This product is not without its flaws. For one, the bristles are hard to pull and push when they are retracted. Plus, the plastic handles tend to break quickly.
What to Look for the Perfect Drum Brush
The drum brush is not your ordinary brush. After all, this tool is used to make rich and beautiful sounds.
When purchasing one, keep in mind that these brushes vary in design, material, and durability. Some brushes are made from metal wires that help create snappy and crisp sounds while others are made from either nylon or plastic, which produces duller and more subdued sound.
The materials of the handles differ as well. Some are made from plastic, and others use wood or rubber. The material of the handles is also essential to consider as one may favor a particular kind.
Some musicians prefer having rubber grip handles since they have better control while others may prefer the wood or plastic for a smoother touch to the skin.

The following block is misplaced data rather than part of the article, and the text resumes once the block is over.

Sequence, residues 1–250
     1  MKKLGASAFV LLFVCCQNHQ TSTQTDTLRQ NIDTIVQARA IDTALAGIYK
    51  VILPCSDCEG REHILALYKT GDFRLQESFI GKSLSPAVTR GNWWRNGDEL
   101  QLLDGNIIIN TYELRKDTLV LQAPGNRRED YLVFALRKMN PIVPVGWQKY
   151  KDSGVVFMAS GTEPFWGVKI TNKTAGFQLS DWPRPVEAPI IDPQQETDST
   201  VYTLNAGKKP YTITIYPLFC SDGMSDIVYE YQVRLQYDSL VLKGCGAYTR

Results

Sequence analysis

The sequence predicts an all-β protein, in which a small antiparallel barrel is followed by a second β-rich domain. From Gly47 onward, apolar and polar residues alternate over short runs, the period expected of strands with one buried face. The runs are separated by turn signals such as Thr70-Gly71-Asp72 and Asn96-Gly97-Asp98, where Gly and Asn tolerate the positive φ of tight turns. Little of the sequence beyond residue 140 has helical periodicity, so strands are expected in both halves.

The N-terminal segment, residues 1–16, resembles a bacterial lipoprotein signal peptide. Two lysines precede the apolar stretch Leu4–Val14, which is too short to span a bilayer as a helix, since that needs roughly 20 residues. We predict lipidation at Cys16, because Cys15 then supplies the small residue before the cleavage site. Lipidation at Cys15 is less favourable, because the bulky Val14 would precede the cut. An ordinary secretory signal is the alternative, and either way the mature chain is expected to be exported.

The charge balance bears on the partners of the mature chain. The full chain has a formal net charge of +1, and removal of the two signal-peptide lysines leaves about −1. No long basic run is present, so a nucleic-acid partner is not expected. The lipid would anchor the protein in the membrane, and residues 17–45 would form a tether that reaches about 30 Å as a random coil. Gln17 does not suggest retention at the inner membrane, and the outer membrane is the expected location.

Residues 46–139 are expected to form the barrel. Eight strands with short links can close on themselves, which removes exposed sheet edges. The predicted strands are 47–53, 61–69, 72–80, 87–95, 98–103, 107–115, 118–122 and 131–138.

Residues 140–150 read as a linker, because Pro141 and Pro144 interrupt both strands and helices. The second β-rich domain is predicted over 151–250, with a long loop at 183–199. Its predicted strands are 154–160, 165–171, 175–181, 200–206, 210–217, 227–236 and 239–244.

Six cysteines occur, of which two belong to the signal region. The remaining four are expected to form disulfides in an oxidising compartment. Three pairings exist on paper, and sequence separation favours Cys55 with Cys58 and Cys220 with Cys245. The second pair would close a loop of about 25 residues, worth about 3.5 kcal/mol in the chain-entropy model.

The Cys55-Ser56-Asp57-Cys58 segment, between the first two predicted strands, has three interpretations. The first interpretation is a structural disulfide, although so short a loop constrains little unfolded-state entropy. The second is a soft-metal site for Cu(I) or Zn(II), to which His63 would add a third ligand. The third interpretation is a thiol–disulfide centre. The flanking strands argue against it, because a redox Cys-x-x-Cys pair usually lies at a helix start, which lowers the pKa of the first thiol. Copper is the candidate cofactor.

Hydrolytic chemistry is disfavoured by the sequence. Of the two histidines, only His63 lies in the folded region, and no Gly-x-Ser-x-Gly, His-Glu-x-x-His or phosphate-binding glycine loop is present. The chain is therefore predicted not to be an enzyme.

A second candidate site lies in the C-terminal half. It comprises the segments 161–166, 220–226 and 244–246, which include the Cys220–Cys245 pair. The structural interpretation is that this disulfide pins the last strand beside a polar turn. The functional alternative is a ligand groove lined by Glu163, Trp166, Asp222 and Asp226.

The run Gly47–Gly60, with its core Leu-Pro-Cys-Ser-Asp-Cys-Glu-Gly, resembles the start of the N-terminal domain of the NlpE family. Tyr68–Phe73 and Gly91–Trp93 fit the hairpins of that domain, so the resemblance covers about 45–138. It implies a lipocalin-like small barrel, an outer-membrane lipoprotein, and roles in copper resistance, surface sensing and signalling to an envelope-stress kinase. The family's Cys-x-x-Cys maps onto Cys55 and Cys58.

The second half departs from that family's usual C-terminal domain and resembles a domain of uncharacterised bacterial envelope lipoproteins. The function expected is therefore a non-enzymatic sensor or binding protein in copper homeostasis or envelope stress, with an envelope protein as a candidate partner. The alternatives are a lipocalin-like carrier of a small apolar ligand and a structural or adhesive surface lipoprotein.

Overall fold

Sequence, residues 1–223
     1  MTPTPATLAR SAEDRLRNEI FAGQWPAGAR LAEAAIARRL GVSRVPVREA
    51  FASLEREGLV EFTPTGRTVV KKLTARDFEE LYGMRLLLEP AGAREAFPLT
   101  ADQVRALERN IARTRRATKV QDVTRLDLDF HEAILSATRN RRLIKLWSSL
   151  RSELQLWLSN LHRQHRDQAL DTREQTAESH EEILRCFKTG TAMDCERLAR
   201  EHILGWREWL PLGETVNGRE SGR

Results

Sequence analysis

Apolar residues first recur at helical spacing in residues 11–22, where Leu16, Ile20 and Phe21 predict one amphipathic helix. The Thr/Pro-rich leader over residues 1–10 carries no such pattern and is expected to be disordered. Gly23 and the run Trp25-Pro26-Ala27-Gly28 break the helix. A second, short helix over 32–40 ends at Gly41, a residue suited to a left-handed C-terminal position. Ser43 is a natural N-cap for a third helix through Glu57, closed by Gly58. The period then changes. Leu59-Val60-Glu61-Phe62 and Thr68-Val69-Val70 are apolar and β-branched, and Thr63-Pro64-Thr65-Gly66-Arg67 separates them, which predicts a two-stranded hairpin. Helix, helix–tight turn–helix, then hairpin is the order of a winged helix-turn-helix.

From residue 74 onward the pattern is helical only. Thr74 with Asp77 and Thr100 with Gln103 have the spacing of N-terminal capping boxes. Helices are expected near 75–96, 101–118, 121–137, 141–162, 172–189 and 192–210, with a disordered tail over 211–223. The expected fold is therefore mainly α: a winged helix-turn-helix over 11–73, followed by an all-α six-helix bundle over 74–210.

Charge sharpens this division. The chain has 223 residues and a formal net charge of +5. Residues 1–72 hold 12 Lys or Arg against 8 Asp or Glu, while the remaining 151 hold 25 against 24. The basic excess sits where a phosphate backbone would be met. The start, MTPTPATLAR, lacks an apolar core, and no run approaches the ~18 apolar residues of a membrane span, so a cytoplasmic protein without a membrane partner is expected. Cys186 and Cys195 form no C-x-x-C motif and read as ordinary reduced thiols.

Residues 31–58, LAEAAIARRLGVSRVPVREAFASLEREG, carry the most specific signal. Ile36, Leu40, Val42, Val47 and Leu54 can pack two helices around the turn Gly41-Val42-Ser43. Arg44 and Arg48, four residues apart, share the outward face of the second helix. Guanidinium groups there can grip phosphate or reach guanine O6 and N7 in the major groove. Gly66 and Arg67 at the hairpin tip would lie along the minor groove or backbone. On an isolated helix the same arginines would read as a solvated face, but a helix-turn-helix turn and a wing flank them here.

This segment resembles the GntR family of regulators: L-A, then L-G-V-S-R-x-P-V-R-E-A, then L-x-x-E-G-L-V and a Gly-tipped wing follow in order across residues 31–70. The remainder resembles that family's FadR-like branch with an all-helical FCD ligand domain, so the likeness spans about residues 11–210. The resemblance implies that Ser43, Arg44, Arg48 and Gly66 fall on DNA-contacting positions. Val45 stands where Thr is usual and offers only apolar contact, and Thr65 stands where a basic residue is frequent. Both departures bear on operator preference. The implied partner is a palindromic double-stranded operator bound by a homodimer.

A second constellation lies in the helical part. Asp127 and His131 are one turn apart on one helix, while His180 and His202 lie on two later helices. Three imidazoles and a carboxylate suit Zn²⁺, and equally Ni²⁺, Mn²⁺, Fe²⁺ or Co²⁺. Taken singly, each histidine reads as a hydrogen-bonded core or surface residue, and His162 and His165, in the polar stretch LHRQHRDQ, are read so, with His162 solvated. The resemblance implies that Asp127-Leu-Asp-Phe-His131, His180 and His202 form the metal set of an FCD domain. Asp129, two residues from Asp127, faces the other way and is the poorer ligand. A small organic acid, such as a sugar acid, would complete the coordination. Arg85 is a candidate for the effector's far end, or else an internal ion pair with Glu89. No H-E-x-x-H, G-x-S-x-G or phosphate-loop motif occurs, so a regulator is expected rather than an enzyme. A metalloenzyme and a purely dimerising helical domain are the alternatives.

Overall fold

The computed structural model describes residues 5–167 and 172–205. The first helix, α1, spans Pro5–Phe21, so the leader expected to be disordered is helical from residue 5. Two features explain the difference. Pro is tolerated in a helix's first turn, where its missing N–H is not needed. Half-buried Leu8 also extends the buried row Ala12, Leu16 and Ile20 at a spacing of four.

The length also matters as some brushes have long or short bristles while others have varying length of the handles. There is no formula when it comes to the length of either bristles or handles.
Some percussionists like having longer handles because of their hand size while others feel they have better control with shorter handles.
Recommendations and a Clear Winner
The Vic Firth Steve Gadd Wire Brush is easily the best of the three due to its durability and unique design. This product has slightly angled brushes and rubber handles that let musicians come up with great swooshing sounds. The unique design also prevents snagging of the brush against a coated drumhead.
All three products promise to be the drummer or percussionists’ perfect companion for making music. However, not all are created equal, and there is only one that seems to deliver on its promises.
Unfortunately, both Vater VBM Monster Drum Brushes and Promark B600 Nylon Brush cannot be considered as the best drum brushes of this review because they suffer from significant flaws.
For example, the Promark B600 Nylon Brush seems to have some durability issues as its handles tend to break easily and their bristles are hard to move once retracted.
On the other hand, the Vater VBM Monster Drum Brushes is too bulky, and its brushes become wobbly over a few weeks of use.
Our #1 Pick!
Vic Firth Steve Gadd Wire Brush